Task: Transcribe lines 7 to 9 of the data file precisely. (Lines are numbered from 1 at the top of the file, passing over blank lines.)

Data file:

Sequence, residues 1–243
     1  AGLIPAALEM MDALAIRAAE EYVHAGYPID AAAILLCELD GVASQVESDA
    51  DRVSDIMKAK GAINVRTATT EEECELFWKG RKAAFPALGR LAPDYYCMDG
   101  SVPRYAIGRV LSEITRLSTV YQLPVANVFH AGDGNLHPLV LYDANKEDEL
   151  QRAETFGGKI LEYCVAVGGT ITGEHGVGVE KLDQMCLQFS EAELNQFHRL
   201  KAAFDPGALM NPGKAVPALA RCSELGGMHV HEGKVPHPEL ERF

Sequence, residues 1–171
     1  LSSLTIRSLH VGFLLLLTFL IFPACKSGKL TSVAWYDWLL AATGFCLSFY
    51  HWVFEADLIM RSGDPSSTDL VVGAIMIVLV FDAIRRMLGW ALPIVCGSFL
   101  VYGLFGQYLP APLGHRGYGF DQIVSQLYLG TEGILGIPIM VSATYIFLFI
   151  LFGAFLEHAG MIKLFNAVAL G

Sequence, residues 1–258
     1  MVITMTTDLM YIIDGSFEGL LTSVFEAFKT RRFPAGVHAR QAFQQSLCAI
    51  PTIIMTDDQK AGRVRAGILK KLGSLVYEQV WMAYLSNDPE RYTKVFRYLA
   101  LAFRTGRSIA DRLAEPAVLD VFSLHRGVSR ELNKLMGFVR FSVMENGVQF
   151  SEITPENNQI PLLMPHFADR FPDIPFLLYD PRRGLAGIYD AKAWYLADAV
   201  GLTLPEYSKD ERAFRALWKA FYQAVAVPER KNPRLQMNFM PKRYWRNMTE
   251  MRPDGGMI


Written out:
Sequence, residues 1–171
     1  LSSLTIRSLH VGFLLLLTFL IFPACKSGKL TSVAWYDWLL AATGFCLSFY
    51  HWVFEADLIM RSGDPSSTDL VVGAIMIVLV FDAIRRMLGW ALPIVCGSFL